Electrical impedance myography has been investigated as a non-invasive imaging biomarker in ALS patients (1921), in children and a canine model with Duchenne muscular dystrophy (17, 22), and in a mouse model of ALS (23). Dystrophin-deficient dogs showed significant changes on EIM parameters of the biceps femoris muscle, with higher resistance and lower phase and reactance than normal dogs (17). Moderate strength correlations have been established between EIM and other neuromuscular biomarkers tracking ALS progression (21, 24, 25). In addition, phase values progressively decreased as disease progressed in ALS patients (20, 25).

The objectives for this project were to use EIM to characterize the location and extent of degenerative changes in the muscles of DM-affected dogs compared to similar aged healthy controls and to assess changes over time in dogs with DM. We hypothesize that DM-affected dogs would show lower phase angle values than healthy dogs, and that these values would show progressive decline in serially monitored DM-affected dogs.

Materials and Methods

Study Population

Healthy control and DM-affected dogs were prospectively recruited as part of various clinical trials being performed at the University of Missouri Veterinary Health Center. Since onset of DM is > 9 years of age, healthy dogs of similar ages were selected as controls to account for anticipated age-related changes in muscle. Control dogs were included if they were systemically healthy, had no history of neurologic or orthopedic disease, a normal complete blood count and serum biochemistry, a normal neurologic examination, and were not homozygous for the SOD1:c.118G>A genotype. DM-affected dogs were included if they were homozygous for SOD1:c.118G>A genotype, demonstrated clinical and neurologic signs compatible with DM, and had a thoracolumbar MRI with standard sequences excluding other myelopathies and supporting the presumptive diagnosis of DM. DM-affected dogs were participants in the following clinical trials: SOD1 epitope dimeric interface immunotherapy, canine SOD-1 antisense oligonucleotide trial, and an AAV.iSOD1 gene therapy trial with trial specific exclusion criteria. No treatment interventions were demonstrated to impact disease progression in any of the aforementioned clinical trials.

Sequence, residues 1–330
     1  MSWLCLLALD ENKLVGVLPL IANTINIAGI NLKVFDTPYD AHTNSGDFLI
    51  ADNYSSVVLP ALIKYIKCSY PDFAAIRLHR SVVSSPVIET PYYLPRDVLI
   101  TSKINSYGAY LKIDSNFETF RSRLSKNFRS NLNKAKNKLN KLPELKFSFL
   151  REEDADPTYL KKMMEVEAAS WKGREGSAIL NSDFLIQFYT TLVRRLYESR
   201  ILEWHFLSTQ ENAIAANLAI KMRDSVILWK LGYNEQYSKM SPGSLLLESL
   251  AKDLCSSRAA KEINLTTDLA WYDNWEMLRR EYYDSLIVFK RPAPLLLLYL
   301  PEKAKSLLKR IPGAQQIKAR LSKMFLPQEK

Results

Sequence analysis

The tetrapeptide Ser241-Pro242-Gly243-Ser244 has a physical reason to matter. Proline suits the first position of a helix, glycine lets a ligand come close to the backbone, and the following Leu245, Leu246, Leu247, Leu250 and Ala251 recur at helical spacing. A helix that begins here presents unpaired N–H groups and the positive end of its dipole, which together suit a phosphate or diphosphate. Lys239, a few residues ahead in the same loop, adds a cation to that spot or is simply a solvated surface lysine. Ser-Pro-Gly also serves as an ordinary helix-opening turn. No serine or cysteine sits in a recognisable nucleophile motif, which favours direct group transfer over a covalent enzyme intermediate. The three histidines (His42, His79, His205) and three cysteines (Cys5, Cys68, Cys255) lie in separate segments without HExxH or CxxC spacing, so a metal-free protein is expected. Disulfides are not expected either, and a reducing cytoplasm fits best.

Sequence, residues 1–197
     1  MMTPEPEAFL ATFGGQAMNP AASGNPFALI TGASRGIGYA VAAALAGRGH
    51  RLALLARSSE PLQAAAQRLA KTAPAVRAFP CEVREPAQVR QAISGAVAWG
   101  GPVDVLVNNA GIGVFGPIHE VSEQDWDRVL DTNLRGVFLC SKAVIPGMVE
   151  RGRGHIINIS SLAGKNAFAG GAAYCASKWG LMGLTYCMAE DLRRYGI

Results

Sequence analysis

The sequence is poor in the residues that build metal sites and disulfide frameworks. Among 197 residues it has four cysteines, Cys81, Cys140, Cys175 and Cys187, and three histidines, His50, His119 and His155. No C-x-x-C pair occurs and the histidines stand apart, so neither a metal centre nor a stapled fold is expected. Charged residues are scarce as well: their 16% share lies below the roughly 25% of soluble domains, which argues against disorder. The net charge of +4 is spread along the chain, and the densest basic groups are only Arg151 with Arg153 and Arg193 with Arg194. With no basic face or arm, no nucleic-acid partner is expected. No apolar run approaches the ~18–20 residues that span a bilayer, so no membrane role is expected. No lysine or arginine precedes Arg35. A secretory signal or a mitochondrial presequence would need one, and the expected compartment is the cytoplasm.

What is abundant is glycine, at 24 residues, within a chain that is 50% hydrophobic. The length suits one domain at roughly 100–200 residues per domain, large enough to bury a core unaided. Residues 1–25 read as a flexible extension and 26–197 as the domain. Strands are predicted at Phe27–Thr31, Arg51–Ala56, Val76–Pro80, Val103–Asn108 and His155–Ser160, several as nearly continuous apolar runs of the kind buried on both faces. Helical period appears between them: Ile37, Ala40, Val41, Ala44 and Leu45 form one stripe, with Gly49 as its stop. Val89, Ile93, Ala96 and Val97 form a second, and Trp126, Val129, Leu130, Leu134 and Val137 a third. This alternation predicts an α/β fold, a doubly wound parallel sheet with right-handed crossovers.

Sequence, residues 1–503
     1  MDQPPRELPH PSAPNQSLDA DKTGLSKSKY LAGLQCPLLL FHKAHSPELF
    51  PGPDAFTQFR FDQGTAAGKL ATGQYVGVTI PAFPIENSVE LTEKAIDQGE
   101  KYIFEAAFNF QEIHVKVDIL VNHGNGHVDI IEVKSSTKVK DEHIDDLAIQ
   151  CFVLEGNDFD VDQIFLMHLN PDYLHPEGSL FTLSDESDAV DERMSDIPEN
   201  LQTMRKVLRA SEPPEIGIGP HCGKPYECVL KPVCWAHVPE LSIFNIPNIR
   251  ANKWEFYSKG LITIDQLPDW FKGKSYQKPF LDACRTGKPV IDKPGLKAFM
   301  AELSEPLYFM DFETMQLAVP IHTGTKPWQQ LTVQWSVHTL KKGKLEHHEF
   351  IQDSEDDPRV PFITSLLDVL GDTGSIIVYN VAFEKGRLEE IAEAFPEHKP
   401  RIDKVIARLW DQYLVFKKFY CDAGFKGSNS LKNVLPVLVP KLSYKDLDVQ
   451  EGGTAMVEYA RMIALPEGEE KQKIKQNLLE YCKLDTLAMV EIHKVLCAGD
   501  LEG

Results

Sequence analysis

Clinical Evaluation

Signalment and duration of neurologic signs, defined as the interval between the onset of gait deficits as described by the owner and the time of evaluation, were recorded for each dog with DM. Disease stage was determined using published criteria: stage 1, upper motor neuron paraparesis and general proprioceptive ataxia; stage 2, non-ambulatory paraparesis or paraplegia; stage 3, tetraparesis; stage 4, flaccid tetraplegia, widespread muscle atrophy and bulbar dysfunction (4). Dogs were considered early DM if in stage 1 or 2 and late DM if in stage 3 or 4. All DM-affected dogs and dogs in the healthy control population received physical and neurologic examinations prior to data collection.

Electrical Impedance Myography Acquisition

The handheld EIM mView device (Myolex, Inc, Boston, MA) was used to collect multi-frequency impedance data (Figure 1). The unit has a disposable multi-electrode array held in place via magnets and consists of three groups of electrodes, two nested sets for assessing current flow parallel to the major muscle fiber direction and one set for transverse measurement. The nested electrode design provides different depths of current penetration. Muscle selection was based on superficial location and ease of palpability. Selected muscles of the pelvic limbs evaluated included gastrocnemius, craniotibialis, gracilis, sartorius, and biceps femoris. The dog was awake throughout the assay and gently restrained in lateral recumbency. The probe was placed at the center of the bulk of the muscle (greatest width) for recordings. Prior to measurement, the fur on the skin overlying the muscles of interest was carefully removed with clippers to ensure a complete contact with the electrode. A saline soaked gauze sponge was applied to the skin for moistening to allow for conductance of current from the probe. The electrode surface of the EIM device was positioned over the identified muscle area on the skin as described in detail elsewhere (16). Values obtained included resistance (R), reactance (X), and phase (θ) at multiple frequencies of which 100 kHz was selected for analysis. Three recordings were obtained in quick succession from each muscle and recordings were repeated until repeatability between these three recordings was “good” or “excellent” based on automatic calculations in the provided Myolex® software. When repeatability was “low” or “moderate,” the measurements were repeated up to five times before moving on to the next muscle. In some cases small changes to probe position were made in order to obtain repeatable measurements. The skin was remoistened with saline between each individual measurement. The five selected muscles were measured on both pelvic limbs in all DM-affected dogs and a portion of the healthy control dogs. Muscles evaluated in show Boxers, which constituted a portion of the healthy control dogs, excluded the left craniotibialis and biceps muscles because of clipping of fur in view of the judges was not permitted.


Figure 1. The handheld EIM recording device in place over the biceps femoris. Prior to recording, the fur was clipped and the site moistened with saline.

EIM Data Processing